Oh this book make made so MAD!
Set in the 1960s in Alabama, Mark Childress’s novel follows two plotlines/perspectives. First is Peejoe, a twelve year old boy who lives with his grandmother. One day his Aunt Lucille shows up with all of her kids — and her dead husband’s head — announcing that she killed her husband because he wouldn’t let her go to Hollywood (seriously). She shows everyone the head, even her poor kids, dumps the children with her mother and drives off to L.A. Peejoe and his brother get shuffled to an uncle, who owns a funeral home in another small town in Alabama, where Peejoe learns himself a lesson about race relations.
Lucille Vinson is one of the most selfish, cruel, evil characters that I’ve ever read, and she’s supposed to be our hero in this novel. She finally goes on trial for the death of the husband at the end, wherein she appeals to the jury by complaining about all the mean little things her husband did to her, which totally justify her putting rat poison in his coffee and removing his head with an electric carving knife, and the women of the jury all think, “Yeah, my husband’s an asshole, too — this guy deserved it!” I’m sorry, but that’s not justice. He wasn’t a murderer, he didn’t beat his wife or his kids or sell them into slavery. He was just a jerk. Lucille married him because she was bored, basically, and resented him for not letting her ditch the SIX kids they had together and pursuing her Hollywood dreams. I know that women in the 60s in the south didn’t have a lot of options in life, but nothing justifies Lucille’s actions. After she kills him and ditches her kids on her mother, she steals a car, sleeps with half a dozen men on her way to Hollywood (including a state trooper whom she leaves handcuffed in his own car), and also wins a considerable amount of money at a casino. She falls into temporary fame as guest star on the Beverly Hillbillies, and all’s fine and dandy, except for her traumatized children and poor exhausted mother back home.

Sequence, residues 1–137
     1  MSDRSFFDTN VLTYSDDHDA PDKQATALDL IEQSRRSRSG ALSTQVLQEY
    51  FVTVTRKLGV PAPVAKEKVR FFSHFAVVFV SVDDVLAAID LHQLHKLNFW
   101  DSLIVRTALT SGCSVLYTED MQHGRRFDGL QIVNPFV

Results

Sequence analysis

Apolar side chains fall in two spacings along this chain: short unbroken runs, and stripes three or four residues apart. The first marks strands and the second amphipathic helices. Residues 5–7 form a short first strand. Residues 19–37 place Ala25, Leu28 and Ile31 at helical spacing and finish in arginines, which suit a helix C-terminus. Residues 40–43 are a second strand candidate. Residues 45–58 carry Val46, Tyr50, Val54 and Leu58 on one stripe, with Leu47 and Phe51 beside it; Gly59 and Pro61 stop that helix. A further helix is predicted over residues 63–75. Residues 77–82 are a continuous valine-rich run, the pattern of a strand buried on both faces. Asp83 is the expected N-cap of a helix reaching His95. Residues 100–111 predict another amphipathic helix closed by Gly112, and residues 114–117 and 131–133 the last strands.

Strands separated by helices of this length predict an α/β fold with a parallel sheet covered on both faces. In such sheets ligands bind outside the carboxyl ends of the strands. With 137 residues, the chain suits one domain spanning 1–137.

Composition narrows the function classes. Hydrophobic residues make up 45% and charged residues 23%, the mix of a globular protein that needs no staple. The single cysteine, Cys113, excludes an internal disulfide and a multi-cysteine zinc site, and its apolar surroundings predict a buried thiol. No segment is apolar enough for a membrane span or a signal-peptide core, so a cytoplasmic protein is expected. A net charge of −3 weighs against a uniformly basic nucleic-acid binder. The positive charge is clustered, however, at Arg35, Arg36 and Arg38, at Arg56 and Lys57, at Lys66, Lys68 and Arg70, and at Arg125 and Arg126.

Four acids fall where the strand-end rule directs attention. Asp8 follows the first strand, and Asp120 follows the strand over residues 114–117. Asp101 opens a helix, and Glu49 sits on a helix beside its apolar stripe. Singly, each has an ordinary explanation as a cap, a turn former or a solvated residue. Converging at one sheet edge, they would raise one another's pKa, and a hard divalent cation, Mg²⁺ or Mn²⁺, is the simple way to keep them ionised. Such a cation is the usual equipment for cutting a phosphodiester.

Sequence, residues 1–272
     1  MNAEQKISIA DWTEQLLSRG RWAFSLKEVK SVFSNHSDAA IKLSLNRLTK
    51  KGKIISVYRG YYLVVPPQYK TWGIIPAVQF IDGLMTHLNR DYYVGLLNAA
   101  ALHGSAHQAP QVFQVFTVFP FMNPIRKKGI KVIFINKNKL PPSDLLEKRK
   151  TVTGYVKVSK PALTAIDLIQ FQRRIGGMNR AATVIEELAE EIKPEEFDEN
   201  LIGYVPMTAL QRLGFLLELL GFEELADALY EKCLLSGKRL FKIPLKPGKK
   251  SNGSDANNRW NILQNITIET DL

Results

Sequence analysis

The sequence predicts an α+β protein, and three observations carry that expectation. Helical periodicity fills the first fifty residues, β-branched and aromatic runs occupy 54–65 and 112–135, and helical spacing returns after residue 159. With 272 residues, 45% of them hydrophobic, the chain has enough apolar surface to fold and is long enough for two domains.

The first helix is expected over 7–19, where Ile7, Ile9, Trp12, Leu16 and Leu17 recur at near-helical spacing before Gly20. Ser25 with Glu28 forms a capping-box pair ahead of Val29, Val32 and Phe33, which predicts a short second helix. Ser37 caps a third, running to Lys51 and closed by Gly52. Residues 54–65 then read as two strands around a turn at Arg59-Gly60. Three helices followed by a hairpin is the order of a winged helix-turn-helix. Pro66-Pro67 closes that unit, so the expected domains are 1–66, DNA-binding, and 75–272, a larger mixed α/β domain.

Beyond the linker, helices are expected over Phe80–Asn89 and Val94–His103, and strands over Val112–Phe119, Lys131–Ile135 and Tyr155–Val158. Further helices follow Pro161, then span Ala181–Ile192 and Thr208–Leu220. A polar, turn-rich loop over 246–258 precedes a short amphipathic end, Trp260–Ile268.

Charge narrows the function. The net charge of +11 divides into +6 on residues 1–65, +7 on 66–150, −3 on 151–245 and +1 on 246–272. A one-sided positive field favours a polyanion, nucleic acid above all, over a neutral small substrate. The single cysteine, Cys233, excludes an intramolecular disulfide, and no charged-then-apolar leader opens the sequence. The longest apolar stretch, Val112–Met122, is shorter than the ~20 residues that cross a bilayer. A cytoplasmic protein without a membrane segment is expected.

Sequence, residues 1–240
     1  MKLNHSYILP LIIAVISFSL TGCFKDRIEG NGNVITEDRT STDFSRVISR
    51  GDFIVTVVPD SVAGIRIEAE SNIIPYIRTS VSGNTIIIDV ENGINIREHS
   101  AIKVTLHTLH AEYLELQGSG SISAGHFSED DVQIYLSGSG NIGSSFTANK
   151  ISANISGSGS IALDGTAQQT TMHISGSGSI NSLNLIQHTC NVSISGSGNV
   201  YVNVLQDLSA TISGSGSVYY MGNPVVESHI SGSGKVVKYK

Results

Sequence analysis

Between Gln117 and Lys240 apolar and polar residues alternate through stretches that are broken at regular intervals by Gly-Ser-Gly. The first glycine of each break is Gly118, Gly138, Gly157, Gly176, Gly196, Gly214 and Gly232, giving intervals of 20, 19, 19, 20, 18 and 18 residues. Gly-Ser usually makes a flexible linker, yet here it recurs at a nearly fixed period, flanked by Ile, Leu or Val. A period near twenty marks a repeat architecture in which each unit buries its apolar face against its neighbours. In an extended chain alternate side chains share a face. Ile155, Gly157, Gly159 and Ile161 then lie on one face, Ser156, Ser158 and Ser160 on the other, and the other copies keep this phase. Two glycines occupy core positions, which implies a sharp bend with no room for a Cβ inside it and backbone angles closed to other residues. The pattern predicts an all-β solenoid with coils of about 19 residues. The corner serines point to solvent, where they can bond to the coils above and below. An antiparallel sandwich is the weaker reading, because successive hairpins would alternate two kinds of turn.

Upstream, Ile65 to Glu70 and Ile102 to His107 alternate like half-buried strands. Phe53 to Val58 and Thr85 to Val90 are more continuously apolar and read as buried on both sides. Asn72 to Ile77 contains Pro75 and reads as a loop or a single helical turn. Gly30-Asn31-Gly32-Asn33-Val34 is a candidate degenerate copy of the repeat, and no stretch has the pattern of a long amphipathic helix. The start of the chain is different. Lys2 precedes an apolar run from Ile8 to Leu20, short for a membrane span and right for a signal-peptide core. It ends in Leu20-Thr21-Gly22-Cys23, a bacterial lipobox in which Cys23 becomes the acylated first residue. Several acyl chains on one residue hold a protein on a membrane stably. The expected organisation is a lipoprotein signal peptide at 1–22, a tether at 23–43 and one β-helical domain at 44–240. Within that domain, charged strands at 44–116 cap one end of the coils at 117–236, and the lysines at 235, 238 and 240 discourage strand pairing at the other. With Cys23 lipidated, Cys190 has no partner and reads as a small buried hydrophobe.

If not for the Lucille thing (which, after all, comprises half the novel), Crazy in Alabama would have been a pretty decent read. Peejoe’s a nice kid, if a bit naive, and his coming-of-age in a town experiencing intense segregation and riots gives us a glimpse into small town life in the 1960s in the south (hint: not so nice if you’re not really white). His Uncle Dove, with the funeral home, struggles to do the right thing without sinking his family and business, and he seems like a decent enough fellow. It’s still a story very much told for white people by white people, but it’s a nice start. A lot of the reviews I’ve read (most of which were extremely positive) commented on the humor of it, but I didn’t think it was particularly funny. Maybe I just didn’t get the joke.
But my god I hated that bitch Lucille.